Vijay Singh earns a spot in a Korn Ferry Tour event, whether Schnell likes it or not. Besides, how can Singh take a spot from somebody when it was his all along?
It’s understandable why so many of us have grown a bit wacky lately. One can do only so many puzzles between grooming the lawn to look better than ever.
Many of us have been cooped up at home for most of the day during the coronavirus pandemic, only to venture beyond the four walls while wearing a mask and trying to stay at least 6 feet from others to be socially distant.
But the comments by Brady Schnell about Vijay Singh, a World Golf Hall of Fame member who is included in the recent entry list to play in the Korn Ferry Challenge at TPC Sawgrass in mid-June, go beyond being housebound. They clearly were out of line and repugnant.
I know that Mike Van Sickle, who can drive a golf ball farther than I can hit driver and 3-wood combined, weighed in passionately on this topic for Monday’s Morning Read ("Vijay Singh has no business playing on Korn Ferry Tour," May 11). I respectfully disagree with his premise that Singh should not play in a Korn Ferry Tour event in mid-June that would end the developmental tour’s 3½-month suspension during the coronavirus pandemic.
Van Sickle, a touring professional who lacks status on any major pro tour this year, took the time to provide a thoughtful analysis of his position. Contrast that approach with Schnell, a 35-year-old touring pro who let his infantile emotions get the better of him last week. He has toiled in near-anonymity in 13-plus seasons on the PGA Tour and its developmental circuits. In 27 starts on the PGA Tour, he earned $220,016, with no top-10 finishes. Add $530,868 plus three victories in 168 starts in the minor leagues, including five missed cuts in six starts this season on the KFT.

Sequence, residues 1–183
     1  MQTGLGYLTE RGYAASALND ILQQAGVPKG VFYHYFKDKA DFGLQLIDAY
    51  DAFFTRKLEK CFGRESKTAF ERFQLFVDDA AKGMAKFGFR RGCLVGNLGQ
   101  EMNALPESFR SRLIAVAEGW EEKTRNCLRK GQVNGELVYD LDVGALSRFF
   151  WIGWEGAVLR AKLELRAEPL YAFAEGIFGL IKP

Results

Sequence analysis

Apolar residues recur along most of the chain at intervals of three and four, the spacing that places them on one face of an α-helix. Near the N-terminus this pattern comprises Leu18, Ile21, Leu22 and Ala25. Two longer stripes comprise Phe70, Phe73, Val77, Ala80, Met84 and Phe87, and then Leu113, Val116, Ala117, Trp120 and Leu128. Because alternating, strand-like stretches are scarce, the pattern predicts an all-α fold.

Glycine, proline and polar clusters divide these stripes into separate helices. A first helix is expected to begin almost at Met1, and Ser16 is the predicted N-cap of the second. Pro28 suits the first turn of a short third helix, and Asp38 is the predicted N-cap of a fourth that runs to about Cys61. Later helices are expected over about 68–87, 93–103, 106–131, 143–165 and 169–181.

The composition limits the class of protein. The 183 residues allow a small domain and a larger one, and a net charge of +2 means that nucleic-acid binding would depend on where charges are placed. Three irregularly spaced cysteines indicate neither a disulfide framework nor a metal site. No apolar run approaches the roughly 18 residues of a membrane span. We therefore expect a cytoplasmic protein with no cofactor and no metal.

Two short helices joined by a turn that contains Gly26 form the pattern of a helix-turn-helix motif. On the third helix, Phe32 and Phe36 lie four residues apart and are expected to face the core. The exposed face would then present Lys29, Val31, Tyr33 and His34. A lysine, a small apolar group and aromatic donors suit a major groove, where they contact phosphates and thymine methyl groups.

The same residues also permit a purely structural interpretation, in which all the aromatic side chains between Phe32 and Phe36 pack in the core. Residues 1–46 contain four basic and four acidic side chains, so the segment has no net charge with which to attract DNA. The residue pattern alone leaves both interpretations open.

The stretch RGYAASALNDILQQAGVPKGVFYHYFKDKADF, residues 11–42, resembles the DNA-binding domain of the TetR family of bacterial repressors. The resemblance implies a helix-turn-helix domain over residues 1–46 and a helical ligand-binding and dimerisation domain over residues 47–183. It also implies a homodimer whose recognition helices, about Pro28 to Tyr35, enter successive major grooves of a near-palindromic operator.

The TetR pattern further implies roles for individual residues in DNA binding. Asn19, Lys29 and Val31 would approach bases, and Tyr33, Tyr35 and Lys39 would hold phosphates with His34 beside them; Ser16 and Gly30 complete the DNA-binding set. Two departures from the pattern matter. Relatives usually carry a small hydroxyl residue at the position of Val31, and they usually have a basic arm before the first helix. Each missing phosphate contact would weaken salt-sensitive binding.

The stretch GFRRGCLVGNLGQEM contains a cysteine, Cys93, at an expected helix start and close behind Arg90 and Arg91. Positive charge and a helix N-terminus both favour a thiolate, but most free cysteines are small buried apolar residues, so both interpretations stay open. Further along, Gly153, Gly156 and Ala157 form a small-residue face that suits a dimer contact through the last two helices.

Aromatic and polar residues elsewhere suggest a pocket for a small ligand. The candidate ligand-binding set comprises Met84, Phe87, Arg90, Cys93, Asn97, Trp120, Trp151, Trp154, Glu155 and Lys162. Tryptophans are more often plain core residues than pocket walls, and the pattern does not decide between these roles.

Schnell went deeper down the rabbit hole with a comment on Twitter suggesting that the spot should go to someone else and not a hall-of-famer such as Singh.
Not to be outdone by his idiocy, Schnell dug even further with this tweet.
Schnell eventually apologized and removed the tweets from his account. I don’t know whether Schnell ever has met Singh, but if so, the comment about “Vijay being Vijay” seems far afield of his knowledge of the 57-year-old Singh, who has won 34 times on the PGA Tour, including three major championships.
None of this sniping really matters much, compared with the fact that Singh earned the right via his “lifetime exemption” to play in any event that the PGA Tour sponsors, be it the Korn Ferry, Latinoamerica or other developmental tours.
To suggest otherwise shows that Schnell does not know the No. 1 rule in professional golf: Play better.
If a professional golfer doesn’t like his status or access to a tour, the problem can be solved with better play. No one wants to hear about any perceived misfortune.
Golf is inherently unfair. It can be windy in the morning and dead calm in the afternoon, favoring the players with later tee times. The next day, the course could be bathed in sunshine early before rain arrives in buckets in the afternoon, favoring the early part of the draw.
Any professional golfer should know that he must suck it up and deal with the game’s occasional misfortunes. There’s a term for it: rub of the green. The “rub” dates to Shakespeare’s early-17th-century writing, and the Rules of Golf picked up the phrase “rub of the green” in the 1812 edition.
Though the term used to be more specific in golf to the ball’s movement, the phrase evolved to convey good or bad luck on the course.
As much as I can support my position that Schnell was far out of bounds with his comments – as evidenced by his removal of the tweets and apology one day later – my beliefs or Schnell’s really don’t matter. According to the PGA Tour’s rules, Singh has earned the right to play on the developmental tour. The contention that he is taking a spot from some other aspiring professional whom Schnell might think would be more deserving is illogical. How can Singh take someone else’s spot if Singh is the one who earned it?
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